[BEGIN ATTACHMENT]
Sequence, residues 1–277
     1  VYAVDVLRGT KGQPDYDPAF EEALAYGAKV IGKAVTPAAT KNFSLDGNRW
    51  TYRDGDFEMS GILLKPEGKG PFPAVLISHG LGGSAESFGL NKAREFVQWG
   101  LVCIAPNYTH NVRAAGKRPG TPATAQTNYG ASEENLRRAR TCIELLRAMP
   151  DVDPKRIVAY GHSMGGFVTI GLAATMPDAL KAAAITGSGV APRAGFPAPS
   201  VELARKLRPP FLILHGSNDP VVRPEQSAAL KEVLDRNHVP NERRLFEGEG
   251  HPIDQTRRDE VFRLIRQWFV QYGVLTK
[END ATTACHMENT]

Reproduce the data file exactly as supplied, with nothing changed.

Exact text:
Sequence, residues 1–277
     1  VYAVDVLRGT KGQPDYDPAF EEALAYGAKV IGKAVTPAAT KNFSLDGNRW
    51  TYRDGDFEMS GILLKPEGKG PFPAVLISHG LGGSAESFGL NKAREFVQWG
   101  LVCIAPNYTH NVRAAGKRPG TPATAQTNYG ASEENLRRAR TCIELLRAMP
   151  DVDPKRIVAY GHSMGGFVTI GLAATMPDAL KAAAITGSGV APRAGFPAPS
   201  VELARKLRPP FLILHGSNDP VVRPEQSAAL KEVLDRNHVP NERRLFEGEG
   251  HPIDQTRRDE VFRLIRQWFV QYGVLTK